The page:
About Windows Installer, the .NET Framework, and Visual Studio.
If you have authored a custom action into your installer package and are
annoyed by the console window that always pops up when the custom action runs,
it's because the custom action executable is running under the console
When you link your object files with the VC++ linker you can
specify the subsystem using the
/SUBSYSTEM switch. If you're using the C# or VB.NET compilers the
/target switch allows you to specify which subsystem to use for the
executable. However you specify the subsystem or however it's determined depending on
which entry point you use, you shouldn't use the console subsystem for custom
actions if you don't want the console window to appear, unless you have a good
reason for it. For example, maybe you just want to reuse a console application
that you're installing such as for
custom action type 18
or any custom action using msidbCustomActionTypeExe (0x01).
In most cases you should consider running under the Windows subsystem. No
window is created unless you create a window yourself and you can still
allocate a console if necessary.
If you already have a console EXE you want to use, you can cause the window
not to be displayed by passing certain parameters to APIs like the CreateProcess
function. When calling CreateProcess pass CREATE_NO_WINDOW (0x08000000).
WiX defines the CAQuietExec custom
action function that does this and redirects standard handles as well.
<CustomAction id=startsvc.command Value="[SystemFolder]net.exe start myservice" Property="QtExecCmdLine" /><CustomAction id=startsvc Return="check" Execute="immediate" DllEntry="CAQuietExec" BinaryKey="wixca" />...<Custom After="InstallInitialize" Action="startsvc.command">NOT Installed</CUSTOM><Custom After="startsvc.command" Action="startsvc">NOT Installed</Custom>
Madnad, there's several things wrong with that snippet.
First, if you're installing a service you should use both the ServiceInstall and ServiceControl tables not a custom solution with a command-line like this. It presents serviceability problems where if you use the ServiceInstall and ServiceControl tables you can properly reinstall and patch your service.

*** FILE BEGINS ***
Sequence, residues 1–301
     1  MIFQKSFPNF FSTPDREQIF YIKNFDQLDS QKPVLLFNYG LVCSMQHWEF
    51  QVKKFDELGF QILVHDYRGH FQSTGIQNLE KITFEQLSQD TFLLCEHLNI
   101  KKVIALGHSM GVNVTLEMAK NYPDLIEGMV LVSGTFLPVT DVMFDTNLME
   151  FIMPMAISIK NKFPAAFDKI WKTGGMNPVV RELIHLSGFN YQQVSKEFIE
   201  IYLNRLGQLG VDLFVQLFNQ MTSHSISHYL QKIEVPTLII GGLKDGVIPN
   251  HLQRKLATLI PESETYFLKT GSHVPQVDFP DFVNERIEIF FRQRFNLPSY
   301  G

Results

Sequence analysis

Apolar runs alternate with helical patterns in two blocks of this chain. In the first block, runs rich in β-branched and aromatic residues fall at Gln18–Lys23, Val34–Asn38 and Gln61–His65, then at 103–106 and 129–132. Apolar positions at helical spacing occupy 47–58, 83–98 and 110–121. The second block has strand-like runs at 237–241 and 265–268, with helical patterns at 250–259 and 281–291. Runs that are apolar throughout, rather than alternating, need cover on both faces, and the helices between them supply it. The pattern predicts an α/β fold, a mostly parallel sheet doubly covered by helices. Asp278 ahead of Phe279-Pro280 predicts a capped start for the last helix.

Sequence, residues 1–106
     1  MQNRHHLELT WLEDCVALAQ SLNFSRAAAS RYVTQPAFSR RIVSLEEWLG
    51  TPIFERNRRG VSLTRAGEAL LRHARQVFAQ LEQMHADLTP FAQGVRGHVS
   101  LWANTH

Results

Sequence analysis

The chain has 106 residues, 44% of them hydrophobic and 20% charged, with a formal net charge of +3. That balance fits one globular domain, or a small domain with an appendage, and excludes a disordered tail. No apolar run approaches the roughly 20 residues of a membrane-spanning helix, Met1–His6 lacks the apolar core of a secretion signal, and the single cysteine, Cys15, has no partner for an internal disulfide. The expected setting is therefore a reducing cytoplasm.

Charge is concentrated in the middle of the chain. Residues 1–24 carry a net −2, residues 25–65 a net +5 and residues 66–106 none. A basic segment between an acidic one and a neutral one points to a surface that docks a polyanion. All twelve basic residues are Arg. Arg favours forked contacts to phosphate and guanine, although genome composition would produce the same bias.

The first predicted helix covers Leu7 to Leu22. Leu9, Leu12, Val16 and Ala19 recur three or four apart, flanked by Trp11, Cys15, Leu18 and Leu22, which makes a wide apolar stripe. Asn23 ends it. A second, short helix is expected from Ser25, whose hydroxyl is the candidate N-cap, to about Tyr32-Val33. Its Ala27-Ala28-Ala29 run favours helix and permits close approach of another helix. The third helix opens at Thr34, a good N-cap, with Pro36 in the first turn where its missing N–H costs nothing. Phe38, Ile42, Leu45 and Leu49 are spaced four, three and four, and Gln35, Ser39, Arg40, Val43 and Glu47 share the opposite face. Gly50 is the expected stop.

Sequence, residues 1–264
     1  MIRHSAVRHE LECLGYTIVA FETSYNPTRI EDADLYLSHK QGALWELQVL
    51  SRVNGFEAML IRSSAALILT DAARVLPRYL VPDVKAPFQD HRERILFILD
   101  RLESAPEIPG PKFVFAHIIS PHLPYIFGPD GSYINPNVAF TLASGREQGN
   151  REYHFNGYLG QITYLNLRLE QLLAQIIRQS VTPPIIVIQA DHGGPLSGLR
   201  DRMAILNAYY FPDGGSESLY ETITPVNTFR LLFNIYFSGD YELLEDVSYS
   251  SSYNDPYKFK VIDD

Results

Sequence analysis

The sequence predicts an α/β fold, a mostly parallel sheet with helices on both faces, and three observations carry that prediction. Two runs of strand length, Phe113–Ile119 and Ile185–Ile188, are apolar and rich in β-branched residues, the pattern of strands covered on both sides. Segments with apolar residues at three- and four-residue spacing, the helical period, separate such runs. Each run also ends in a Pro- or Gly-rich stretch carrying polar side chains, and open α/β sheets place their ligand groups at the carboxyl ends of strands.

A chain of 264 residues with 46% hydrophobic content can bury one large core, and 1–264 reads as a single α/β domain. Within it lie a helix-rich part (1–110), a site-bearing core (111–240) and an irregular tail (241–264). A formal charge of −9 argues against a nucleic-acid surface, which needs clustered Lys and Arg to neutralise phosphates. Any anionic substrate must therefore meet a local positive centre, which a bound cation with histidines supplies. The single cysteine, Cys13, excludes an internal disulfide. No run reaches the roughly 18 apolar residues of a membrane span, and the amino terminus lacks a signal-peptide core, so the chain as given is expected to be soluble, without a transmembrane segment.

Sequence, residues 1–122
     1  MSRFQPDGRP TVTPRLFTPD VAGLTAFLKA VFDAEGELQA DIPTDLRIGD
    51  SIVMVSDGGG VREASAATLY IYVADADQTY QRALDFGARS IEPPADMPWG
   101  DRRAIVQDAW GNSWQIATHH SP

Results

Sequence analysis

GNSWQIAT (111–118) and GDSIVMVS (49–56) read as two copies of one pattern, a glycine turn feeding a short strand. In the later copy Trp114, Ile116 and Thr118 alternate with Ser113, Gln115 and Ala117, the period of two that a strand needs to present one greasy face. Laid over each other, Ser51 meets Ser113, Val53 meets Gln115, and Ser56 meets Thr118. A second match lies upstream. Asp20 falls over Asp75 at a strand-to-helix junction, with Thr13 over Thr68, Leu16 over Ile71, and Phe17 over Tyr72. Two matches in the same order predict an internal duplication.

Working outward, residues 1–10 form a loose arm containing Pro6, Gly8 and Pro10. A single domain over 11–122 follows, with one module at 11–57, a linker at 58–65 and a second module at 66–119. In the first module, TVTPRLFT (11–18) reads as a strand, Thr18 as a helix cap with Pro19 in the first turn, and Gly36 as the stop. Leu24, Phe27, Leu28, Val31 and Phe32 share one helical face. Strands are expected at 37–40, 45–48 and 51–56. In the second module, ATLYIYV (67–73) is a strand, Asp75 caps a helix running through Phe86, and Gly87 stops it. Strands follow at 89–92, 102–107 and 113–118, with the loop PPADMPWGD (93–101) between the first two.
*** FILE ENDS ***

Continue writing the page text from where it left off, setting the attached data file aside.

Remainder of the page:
Second, immediate CAs should never modify system state.
Third, you scheduled your immediate CA after InstallInitialize. The file hasn't even been installed yet. InstallFiles is a deferred standard action that only gets scheduled between InstallInitialize and InstallFinalize and doesn't get processed until after InstallFinalize or any occurance of InstallExecute or InstallExecuteAgain. Windows error 2 would happen if the service doesn't exist. Try this: go to a machine where your product or service isn't installed and type "net start myservice". Now type "echo %errorlevel%" and you'll see 2 returned - the same error as you got back from the MSI custom action server in your log (wrapped in an HRESULT using the FACILITY_WIN32 (7) facility).
I highly recommend that you read all of the topic "Custom Actions" at http://msdn.microsoft.com/library/en-us/msi/setup/custom_actions.asp and child topics. For WiX information see http://wix.sourceforge.net. Look up the <ServiceInstall> and <ServiceControl> elements. Using these will schedule everything correctly and will help produce a more serviceable MSI.
heaths, thanks for the continued replies. I tried what you suggest but still get the 0002 error. I think it has to do with net.exe because when I change it to something like "notepad" it works. I took out all the params to net.exe so my code now looks like this (still does not work):
<Property id="QtExecDeferred" Value="c:\windows\system32\net.exe"></Property><CustomAction id="QtExecDeferred" Return="check" Execute="deferred" DllEntry="CAQuietExec" BinaryKey="wixca" />...<Custom After="InstallInitialize" Action="QtExecDeferred">NOT Installed</Custom>
So now I am not even referencing any of the files I am installing and still I get the error. I'm going nuts :)